The purpose of this study is to
determine the benefits of developing a centralized procurement body for the
government. One of the expected roles of this body is to conduct all the
necessary processes from research to bid evaluation to identify the best
options for consulting services and other resources for the public sector. The
following concise study will determine the benefits of such an initiative by analyzing
the procurement bodies of the United Kingdom (UK) and South Korea as benchmarks.
A survey conducted by C. Herbert with
the organizers of the eWorld conference in 2013 showed that the majority of
survey takers believe that the public sector falls behind the private sector in
terms of efficiency and cost saving. By adopting a dedicated department for
procurement, governments can bridge this gap and reap more benefits. These
includes a shift from procurement that is “too routine” and has strict
adherence to rules and regulations to a process that exhibits flexibility.
Furthermore, many agree that having a dedicated procurement function transforms
the process from one that is merely a part of daily operations and a means to
an end to a process that is a major factor in allowing organizations to reach
their full potential and corporate objectives. This change has seen to improve
the quality of leadership and top level support for the procurement unit, increase
cost-saving initiatives and achieve higher coordination in many governments.
In the United Kingdom (UK), government procurement
expenditure made up 13% of Gross Domestic Product (£238billion) and demand made
up 16.3% of the entire economy in 2010 according to the Department for
Business, Innovation & Skills (BIS). As such, the Cabinet Office in the UK began
a procurement reform in 2010 by establishing a new body; the Government Procurement
Services (GPS), whose objective is to improve procurement spend management by providing
centralized procurement services to the UK public sector. It was determined
that the following points are instrumental in improving the impact of public
procurement on the nation.By cultivating the aforementioned
impact points, the GPS has been able to support governmental entities to
achieve a total demand savings of £1.1bn in 2012/13 (excl. contingent labor)
where more than 50% of suppliers were Subject Matter Experts (SMEs).1
Such savings were realized due to the GPS’s role in:
1. Delivering the centralized procurement strategy to governmental institutions.
2. Providing centralized sourcing, category and data management.
3. Implementing policy to deliver savings and drive efficiency.
4. Establishing strategic alliances with buying organizations.
5. Combining purchasing volumes among different departments.
In order to ensure that the most
suitable models, methods and strategies are developed and implemented in a
stream-lined and efficient manner, having a separate body take reign of
procurement is key. The United Kingdom has benefited extremely from the GPS
which continues to engineer ways to fuel continuous improvement.
Providing both efficiency and
transparency simultaneously is extremely vital yet difficult owing to how both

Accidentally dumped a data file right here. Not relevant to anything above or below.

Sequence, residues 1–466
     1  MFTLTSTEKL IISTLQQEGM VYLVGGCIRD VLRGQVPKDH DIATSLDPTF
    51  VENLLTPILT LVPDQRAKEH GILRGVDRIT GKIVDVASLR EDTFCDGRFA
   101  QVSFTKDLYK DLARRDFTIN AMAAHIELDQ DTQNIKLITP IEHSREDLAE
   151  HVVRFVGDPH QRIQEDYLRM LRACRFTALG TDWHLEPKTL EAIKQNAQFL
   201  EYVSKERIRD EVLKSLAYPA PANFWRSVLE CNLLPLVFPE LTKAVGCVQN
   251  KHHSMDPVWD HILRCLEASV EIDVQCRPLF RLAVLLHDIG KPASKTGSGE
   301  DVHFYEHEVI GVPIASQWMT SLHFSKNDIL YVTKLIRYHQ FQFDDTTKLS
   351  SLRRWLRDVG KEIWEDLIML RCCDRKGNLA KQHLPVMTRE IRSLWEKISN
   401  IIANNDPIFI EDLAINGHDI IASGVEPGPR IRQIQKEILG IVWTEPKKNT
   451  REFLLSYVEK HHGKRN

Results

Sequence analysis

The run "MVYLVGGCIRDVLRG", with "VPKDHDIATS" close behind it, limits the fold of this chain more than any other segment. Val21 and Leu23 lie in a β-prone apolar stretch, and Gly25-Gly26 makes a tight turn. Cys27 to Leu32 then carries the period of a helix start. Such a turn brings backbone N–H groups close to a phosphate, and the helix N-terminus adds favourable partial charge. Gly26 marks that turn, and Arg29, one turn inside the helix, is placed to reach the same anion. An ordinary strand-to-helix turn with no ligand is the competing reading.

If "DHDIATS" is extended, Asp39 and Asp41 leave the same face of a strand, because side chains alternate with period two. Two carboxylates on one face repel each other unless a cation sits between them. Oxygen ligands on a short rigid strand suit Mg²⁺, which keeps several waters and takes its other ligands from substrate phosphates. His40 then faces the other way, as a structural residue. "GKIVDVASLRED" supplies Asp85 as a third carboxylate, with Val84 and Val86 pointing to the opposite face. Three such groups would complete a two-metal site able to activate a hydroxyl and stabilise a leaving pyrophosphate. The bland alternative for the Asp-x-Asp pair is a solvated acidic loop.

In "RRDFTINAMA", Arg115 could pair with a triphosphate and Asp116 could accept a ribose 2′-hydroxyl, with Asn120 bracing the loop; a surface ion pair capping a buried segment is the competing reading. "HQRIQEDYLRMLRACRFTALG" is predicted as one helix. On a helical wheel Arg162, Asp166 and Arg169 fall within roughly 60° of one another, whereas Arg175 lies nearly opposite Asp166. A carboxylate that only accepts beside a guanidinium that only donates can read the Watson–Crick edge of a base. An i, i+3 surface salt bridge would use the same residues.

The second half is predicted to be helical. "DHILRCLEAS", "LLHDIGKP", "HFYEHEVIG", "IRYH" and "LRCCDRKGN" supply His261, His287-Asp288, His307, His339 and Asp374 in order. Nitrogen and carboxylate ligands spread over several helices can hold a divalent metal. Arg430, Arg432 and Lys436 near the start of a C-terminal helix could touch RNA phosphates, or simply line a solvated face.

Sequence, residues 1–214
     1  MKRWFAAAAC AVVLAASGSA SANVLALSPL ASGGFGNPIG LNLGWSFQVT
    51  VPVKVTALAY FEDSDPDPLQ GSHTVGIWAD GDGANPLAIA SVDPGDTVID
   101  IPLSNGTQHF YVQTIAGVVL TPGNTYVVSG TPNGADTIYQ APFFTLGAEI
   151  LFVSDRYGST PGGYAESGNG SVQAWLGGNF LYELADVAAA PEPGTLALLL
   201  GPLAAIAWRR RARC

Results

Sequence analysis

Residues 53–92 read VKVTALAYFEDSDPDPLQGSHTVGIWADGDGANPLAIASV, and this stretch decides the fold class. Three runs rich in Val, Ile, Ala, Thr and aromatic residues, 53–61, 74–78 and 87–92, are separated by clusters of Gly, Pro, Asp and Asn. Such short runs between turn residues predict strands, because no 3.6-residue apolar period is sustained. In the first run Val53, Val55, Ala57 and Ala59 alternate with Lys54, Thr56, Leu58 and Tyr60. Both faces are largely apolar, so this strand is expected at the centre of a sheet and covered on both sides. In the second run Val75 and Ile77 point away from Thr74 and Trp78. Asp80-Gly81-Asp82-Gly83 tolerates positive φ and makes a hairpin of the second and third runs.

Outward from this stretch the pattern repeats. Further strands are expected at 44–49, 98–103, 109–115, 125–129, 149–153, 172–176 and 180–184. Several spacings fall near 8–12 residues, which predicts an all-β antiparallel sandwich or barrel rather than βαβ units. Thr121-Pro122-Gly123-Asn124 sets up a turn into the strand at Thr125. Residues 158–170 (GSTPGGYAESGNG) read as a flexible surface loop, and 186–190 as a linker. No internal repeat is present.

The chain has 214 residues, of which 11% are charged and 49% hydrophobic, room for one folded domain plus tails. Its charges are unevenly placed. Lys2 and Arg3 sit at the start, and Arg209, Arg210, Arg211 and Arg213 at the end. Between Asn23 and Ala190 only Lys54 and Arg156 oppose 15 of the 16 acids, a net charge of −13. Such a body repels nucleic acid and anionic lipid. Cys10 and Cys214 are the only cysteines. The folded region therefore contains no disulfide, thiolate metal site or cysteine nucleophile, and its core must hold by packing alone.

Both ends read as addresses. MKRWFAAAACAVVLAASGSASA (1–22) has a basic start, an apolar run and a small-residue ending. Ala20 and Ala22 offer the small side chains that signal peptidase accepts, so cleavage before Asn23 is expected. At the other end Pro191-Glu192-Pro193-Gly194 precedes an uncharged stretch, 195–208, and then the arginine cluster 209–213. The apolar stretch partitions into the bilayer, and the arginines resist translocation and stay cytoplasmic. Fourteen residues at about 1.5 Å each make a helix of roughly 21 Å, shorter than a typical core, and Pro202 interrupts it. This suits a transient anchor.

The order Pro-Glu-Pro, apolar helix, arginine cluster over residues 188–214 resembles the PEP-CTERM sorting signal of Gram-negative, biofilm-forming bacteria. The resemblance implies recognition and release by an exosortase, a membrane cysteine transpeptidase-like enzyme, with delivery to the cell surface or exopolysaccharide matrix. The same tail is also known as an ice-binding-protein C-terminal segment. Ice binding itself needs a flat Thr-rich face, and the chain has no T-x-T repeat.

can clash against one another. Therefore, governments are usually hesitant to
adopt a similar procurement process to that of the private sector. Times are
changing, however, and many governments are beginning to shift towards a more
cost saving and quality assurance vision for public procurement. In South Korea,
where public procurement made up 10% of GDP expenditure in 20082,
the Korean Public Procurement Service (PPS) began improving the procurement
function to reduce the cost of procurement by utilizing best practices and
innovation such as supply chain optimization, competitive bidding, power
negotiation and full digitalization. The Korean PPS has overcome the challenge
of efficiency and transparency by digitalizing their procurement system through
the Korean Online e-Procurement Systems (KONEPS) where transactions are
dictated by transparent and clear procedures and best practices. By allowing
the procurement arm to change from an operational function to one that it is
guided by efficiency, government procurement in South Korea now promotes social
responsibilities, industry innovation, eco-friendly activities and leadership
in government officials while also contributing to the national economy.
The Korean PPS not only
negotiates best prices with numerous suppliers but also monitors critical
procurement processes in the country. South Korea is a nation that does not
possess an abundance of natural resources yet rely heavily on raw materials consumption
for production. In fact, South Korea is the fifth largest nation that uses
aluminum as a raw material in production. As such, any shortage or crisis in
raw materials can have dire consequences on the South Korean national economy.
As a centralized procurement service, the PPS conducts risk management of raw
material shortage and other essential resources to develop plans to prevent a
national crisis and contribute to the economy. Such plans range from purchasing
reserves of raw materials and resources, deploy varying sourcing strategies to
mitigate risk, conduct stockpiling operations, prepare contingency plans and establish
buying consortiums with other nations when possible. In conclusion, public procurement
is a major function in the government and provides a window of opportunity for
improvement. As such, more and more nations are adopting a centralized
procurement function to streamline operations, reduce costs and propel public
procurement to the next level. By doing so, procurement is becoming a chief
department in the realization of national savings and improvement of risk
management by supporting the different governmental organizations and entities.